By tonight we’ll know for sure. I have my opinion. I’ll place my vote and I’ll stand behind the winner, no matter who it is. In the meantime, Kerry might want to visit Stardock and make a purchase. In fantasyland, he and Hillary make a perfect match.

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Way back in 2002, I opened my votes on the coming election to the general public. I’ve decided to continue the tradition.

I have to say it was easier this time around. There are far less offices up for grabs. Finding information on each candidate was only a google search or convenient voter guide away. Below is my full ballot for tomorrow, Nov. 2nd.

President and Vice President: George W. Bush and Dick Cheney

This choice was the easiest of the lot. I’ve been exposed to the issues and I’ve had a lot of time to think about it. I feel comfortable with my choice. Here’s why.

I’m not a huge fan of the President when it comes to a lot of things. He spends way too much money. The government has grown in both size and power since he took office. These are hardly the acts of a conservative man. While we may agree on the issue, his plans for a constitutional ammendment on gay marriage is a waste of time on an issue that should be settled by the states. There are are other issues I’d rather consider when pandering to the religious right.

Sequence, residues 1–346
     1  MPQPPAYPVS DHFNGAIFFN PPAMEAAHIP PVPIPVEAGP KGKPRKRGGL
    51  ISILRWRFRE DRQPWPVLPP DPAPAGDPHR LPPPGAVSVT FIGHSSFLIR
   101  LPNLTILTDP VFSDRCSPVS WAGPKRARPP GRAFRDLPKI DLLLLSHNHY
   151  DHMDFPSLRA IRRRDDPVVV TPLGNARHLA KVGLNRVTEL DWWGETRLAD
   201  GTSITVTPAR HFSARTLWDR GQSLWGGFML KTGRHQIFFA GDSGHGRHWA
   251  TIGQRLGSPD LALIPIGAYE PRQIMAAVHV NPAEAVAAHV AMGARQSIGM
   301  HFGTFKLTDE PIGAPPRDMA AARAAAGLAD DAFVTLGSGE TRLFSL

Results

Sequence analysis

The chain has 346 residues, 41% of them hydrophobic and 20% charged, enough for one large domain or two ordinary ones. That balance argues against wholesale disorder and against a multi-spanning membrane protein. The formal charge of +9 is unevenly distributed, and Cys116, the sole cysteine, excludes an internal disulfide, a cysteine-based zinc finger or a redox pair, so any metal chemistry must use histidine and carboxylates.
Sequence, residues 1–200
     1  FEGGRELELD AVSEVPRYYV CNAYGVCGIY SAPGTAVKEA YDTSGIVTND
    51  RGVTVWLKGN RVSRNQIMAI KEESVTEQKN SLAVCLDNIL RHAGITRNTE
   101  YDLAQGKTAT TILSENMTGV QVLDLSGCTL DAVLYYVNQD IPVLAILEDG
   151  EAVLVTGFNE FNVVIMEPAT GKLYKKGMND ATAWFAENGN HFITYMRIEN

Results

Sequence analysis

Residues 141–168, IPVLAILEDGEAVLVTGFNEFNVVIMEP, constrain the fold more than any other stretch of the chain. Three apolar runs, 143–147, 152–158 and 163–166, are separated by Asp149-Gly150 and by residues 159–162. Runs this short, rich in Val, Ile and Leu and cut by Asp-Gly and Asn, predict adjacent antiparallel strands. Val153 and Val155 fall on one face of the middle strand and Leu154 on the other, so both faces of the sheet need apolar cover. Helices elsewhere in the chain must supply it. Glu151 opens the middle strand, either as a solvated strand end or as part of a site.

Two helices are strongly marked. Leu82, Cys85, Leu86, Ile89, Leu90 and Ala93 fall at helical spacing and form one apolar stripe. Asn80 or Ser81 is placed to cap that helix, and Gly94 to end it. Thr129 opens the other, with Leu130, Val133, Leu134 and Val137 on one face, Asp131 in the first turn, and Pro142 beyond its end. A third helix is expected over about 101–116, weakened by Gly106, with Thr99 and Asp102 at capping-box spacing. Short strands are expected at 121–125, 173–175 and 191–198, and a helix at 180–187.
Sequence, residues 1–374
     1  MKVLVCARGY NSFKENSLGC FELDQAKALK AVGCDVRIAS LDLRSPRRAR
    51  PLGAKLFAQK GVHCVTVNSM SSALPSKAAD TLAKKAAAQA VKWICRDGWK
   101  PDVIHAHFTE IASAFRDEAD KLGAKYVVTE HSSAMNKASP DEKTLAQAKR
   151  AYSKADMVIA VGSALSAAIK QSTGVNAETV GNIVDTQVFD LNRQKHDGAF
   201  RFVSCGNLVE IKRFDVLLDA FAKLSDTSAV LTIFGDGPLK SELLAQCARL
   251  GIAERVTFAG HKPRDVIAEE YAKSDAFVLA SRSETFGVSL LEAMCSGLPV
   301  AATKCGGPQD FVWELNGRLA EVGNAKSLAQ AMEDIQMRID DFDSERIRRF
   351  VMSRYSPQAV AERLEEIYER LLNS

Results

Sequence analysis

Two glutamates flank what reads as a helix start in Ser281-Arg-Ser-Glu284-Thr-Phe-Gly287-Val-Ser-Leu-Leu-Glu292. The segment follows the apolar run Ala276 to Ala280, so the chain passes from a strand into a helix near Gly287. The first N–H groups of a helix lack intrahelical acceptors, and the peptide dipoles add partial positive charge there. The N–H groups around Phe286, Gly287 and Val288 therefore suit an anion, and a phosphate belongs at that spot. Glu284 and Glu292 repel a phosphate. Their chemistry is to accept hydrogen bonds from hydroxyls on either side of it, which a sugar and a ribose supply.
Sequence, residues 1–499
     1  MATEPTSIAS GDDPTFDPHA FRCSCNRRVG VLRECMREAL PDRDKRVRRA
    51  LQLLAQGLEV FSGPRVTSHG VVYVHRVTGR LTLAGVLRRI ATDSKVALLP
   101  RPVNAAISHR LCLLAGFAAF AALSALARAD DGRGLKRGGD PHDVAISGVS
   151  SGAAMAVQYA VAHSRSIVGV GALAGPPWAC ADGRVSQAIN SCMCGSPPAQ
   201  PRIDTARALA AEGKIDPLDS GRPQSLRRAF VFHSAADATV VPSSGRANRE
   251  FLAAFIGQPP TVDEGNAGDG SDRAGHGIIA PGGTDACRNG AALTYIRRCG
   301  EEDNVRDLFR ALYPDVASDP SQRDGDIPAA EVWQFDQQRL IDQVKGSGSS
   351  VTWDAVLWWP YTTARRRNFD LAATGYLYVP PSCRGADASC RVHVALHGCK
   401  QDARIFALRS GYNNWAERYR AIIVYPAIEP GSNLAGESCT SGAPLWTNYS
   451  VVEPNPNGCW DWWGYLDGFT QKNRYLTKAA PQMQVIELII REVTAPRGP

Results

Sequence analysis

Does all of this matter? Not really. The War on Terror has center stage. It’s the issue that directly affects me and my family. It’s the issue that determined my vote this time around.

I’m of the opinion that President Bush has done good and, sometimes, great job of fighting terrorism. In the wake of the terrorist attacks on 9/11, we’ve shown resolve. We’ve chased terrorists into their holes. We’ve taken their money. Today we fight them on their soil, not our own. We’ve found a language they can understand: force.

You can argue that we’ve screwed the pooch in Iraq. I’d disagree. There’s some tough work to be done there. A declared enemy is gone. The efforts of our military have freed millions from an oppressive regime. We’ve done some good. We’ll continue to do some good.